Sculptors are the heroes of the arts. They are the least appreciated, the greatest riskers of time, the most restricted in expression and the most poorly rewarded of artists. Their perseverance is an act of defiance, whether or not they see it as such. To produce an object that manipulates space, dances with the light, honors the substance from which it is made and avoids the mundane is a small miracle.

A show at the Addison Woolley Gallery provokes these thoughts. It is called “Quartet,” and among the work presented are three sculptures by Susan Bennett. All of the pieces are accomplished in stainless steel, and are small scale.

Size is a consideration in sculpture — it can lend consequence to a piece; it can also dismiss it to a bookshelf. To produce a piece say, 15 inches high, with sufficient stature to command an independent position in space is an accomplishment.

I have in mind Bennett’s “Ice Cube Series #6.” It is a construction with Cubist roots, architectural references and monumental intentions. There is an intensity that would survive great enlargement.

I have a particular fondness for stainless steel. As an industrial material, it does not have the cachet of bronze or marble. When given a subdued patina as in the Bennett piece, it may overcome the inference of inferior material and convince the viewer of its integrity. It does it through a subtle surface mellowness. Bennett is so successful at it that it would be difficult to think of her pieces with any other surface.

The principal artist in “Quartet” is Arunas Bukauskas, a highly regarded photographer. In this show, he is represented by a dozen portraits in black and white.

There is a classic ingredient to Bukauskas’ images. It has come down to us over the decades from photographers as an implacable stillness, a golden pause in their work. Bukauskas is a master of the moment in which the sitter waives his defenses and invites the camera to wander in the regions of his personality. It is an instantaneous adventure, but the image that is extracted can be timeless.

The consistency of Bukauskas’ perception is a unifying component in these works. In these gorgeous images, he has assembled a catalog of human reflection that will touch your heart.

Melonie Bennett and Barbara Goodbody complete the foursome. Bennett continues to provide black-and-white images of the antics and sometimes quiet moments in the lives of people. Certain of Goodbody’s beautiful color photographs of natural phenomena — e.g., sunrise — have a voluptuousness that is unanticipated. Others reduce those visual events into strict but rich abstraction.

Bennett is a well-known black-and-white photographer. Her work is a blend of documentation, amusement and intrusion. Her subject appears to be her family, a clan that she catches at odd times, some of which can make us uncomfortable. To what extent her subjects play to the camera I cannot say, and I accept the fact her presence in a room can be so usual that she evaporates.

Still, there is a sense they are there for a purpose. This moves the work from life events toward performance. We’re amused and sometimes a little perplexed by what we see — say, a man aping a pole dancer with a professional roadhouse dancer in the background. It’s good theater, but shy on spontaneity. And it can be a little prying when it gets close to basics. The latter is not necessarily a shortcoming; prying is fine if it’s not by invitation.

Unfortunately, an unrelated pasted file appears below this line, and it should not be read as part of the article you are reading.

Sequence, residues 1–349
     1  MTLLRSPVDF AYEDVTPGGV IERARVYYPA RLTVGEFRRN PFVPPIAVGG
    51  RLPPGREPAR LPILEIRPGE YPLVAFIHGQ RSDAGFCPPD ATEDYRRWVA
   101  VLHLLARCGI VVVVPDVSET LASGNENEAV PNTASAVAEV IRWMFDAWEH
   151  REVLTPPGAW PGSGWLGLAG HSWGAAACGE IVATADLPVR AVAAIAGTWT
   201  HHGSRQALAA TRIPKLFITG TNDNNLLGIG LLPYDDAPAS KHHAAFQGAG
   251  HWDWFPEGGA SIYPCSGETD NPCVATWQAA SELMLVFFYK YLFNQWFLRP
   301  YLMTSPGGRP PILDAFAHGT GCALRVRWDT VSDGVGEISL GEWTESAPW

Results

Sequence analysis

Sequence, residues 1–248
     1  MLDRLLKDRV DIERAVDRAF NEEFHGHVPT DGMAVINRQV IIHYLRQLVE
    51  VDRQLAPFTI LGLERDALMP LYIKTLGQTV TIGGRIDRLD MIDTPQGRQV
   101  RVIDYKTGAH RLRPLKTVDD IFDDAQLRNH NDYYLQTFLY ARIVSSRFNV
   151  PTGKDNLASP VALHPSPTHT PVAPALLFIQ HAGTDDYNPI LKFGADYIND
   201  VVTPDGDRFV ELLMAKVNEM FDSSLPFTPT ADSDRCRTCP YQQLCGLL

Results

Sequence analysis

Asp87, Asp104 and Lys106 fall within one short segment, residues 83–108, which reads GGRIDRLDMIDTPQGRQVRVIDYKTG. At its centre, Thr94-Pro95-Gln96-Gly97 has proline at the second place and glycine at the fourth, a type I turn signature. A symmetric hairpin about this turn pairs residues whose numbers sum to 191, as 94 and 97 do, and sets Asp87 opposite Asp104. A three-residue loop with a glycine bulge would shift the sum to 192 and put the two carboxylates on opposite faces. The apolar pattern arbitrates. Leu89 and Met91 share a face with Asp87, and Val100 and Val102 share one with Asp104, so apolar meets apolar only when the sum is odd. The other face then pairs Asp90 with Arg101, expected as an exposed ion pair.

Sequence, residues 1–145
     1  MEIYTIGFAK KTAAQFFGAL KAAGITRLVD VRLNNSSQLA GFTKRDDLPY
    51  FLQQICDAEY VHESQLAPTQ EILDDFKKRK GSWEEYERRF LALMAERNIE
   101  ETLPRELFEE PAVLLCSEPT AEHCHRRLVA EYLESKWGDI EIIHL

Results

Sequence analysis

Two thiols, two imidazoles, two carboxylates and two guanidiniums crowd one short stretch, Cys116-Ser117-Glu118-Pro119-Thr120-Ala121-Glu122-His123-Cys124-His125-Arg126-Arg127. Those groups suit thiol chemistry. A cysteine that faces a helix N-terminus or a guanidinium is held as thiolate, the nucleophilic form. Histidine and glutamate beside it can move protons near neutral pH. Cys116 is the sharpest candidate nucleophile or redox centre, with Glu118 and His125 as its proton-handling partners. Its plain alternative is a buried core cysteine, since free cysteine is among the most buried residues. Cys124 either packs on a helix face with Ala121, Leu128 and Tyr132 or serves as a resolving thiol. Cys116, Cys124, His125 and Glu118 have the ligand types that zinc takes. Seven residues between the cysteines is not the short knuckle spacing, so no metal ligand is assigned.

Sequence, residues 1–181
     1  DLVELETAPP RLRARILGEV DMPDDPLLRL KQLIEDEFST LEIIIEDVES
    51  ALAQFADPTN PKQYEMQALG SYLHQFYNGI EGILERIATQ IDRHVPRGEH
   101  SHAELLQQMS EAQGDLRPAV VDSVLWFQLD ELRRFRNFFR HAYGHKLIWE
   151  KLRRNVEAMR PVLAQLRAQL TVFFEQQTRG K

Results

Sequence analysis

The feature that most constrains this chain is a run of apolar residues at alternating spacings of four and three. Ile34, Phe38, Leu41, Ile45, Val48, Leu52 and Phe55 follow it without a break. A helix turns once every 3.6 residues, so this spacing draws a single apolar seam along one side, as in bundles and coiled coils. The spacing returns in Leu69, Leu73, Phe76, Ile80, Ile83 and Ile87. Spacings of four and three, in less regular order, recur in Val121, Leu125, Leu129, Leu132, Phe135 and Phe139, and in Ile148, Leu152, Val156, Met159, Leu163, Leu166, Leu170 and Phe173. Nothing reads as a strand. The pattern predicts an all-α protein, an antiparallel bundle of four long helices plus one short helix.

Having said all this, her images in “Dad at Home, Post Operation, 2010” and “Dad’s First Shower, Post Operation, 2010” are deeply compelling. In them, spontaneity is not a consideration; in them a story moves the images. They are splendid. 

A JARRING UNIQUENESS

And now for something completely different. It’s about a show that was and will continue to be. It’s called “The Jar Project” and its locus is what, after the end of this month, is the former Whitney Art Works premises on Congress Street.

It is scheduled to coincide with First Fridays and First Saturdays. The first showing was in February, the next will be on March 4 and 5, and the final will be on April 1 and 2. That’s it; a six-day show apportioned over three months.

It’s a clever concept and intriguing as an ephemerality that will twice renew itself. Some insects do something like that and the relationship in this show between insects, ephemerality and art is apt.

The show can be described as “60 Artist Jars.” Briefly, 60 artists have encased small works in glass jars and put them on exhibit. These are not ship-in-a-bottle creations; they are provocative and often complex works of art.

The intention is to remind us of pre-technological times and the beauty and piquancy inherent in such everyday processes as canning. There are deeper philosophic connotations, but I limit myself to the easy step from peaches and pickles to pictures and paintings.

The bottled items include carvings, photographs, sculpture in various guises, drawings, collages, lithographs, labels, crayons and painted shells. You get the idea. It is immensely fascinating.

I began by mentioning insects. The lining of shelves with these occupied jars is more reminding of specimen jars than it is of preserved foods. And specimen jars harboring insects, tiny animals, mineral and botanic material and all manner of natural exotica were vigorous interests in the 16th through 18th centuries.

Rooms of jarred objects were called Wunderkammers (chambers of wonders), and Wunderkammers as a concept invite me to roam with them. Their allure is in the intensity of their acquisition and the seriousness of their scrutiny of the world around us and how we fit into the picture.

I saw this unique, time-consuming show in its first two days, and will see it in at least one of its remaining four. 

Philip Isaacson of Lewiston has been writing about the arts for the Maine Sunday Telegram for 45 years. He can be contacted at:

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